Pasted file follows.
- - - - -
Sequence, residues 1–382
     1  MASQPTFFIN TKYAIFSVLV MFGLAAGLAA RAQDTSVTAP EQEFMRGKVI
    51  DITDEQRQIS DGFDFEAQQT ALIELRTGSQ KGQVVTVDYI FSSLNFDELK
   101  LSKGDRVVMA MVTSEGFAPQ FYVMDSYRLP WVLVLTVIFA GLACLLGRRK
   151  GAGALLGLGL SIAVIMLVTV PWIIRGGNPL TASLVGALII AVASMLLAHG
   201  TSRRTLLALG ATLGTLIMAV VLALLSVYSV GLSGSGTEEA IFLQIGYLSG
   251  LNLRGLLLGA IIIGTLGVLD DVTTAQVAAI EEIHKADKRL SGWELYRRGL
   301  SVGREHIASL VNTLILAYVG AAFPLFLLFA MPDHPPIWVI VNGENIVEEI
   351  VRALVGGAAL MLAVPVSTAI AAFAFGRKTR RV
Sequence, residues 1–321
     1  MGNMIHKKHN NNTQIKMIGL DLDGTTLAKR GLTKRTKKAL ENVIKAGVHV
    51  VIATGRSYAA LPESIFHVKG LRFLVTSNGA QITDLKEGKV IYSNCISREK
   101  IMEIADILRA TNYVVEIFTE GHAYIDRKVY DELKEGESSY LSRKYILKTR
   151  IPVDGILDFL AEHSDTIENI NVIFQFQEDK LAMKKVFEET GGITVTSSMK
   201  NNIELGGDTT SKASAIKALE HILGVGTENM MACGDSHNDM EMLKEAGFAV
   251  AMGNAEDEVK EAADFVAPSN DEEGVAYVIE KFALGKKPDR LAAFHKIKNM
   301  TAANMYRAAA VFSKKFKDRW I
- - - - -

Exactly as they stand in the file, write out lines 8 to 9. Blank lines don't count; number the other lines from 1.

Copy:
   301  SVGREHIASL VNTLILAYVG AAFPLFLLFA MPDHPPIWVI VNGENIVEEI
   351  VRALVGGAAL MLAVPVSTAI AAFAFGRKTR RV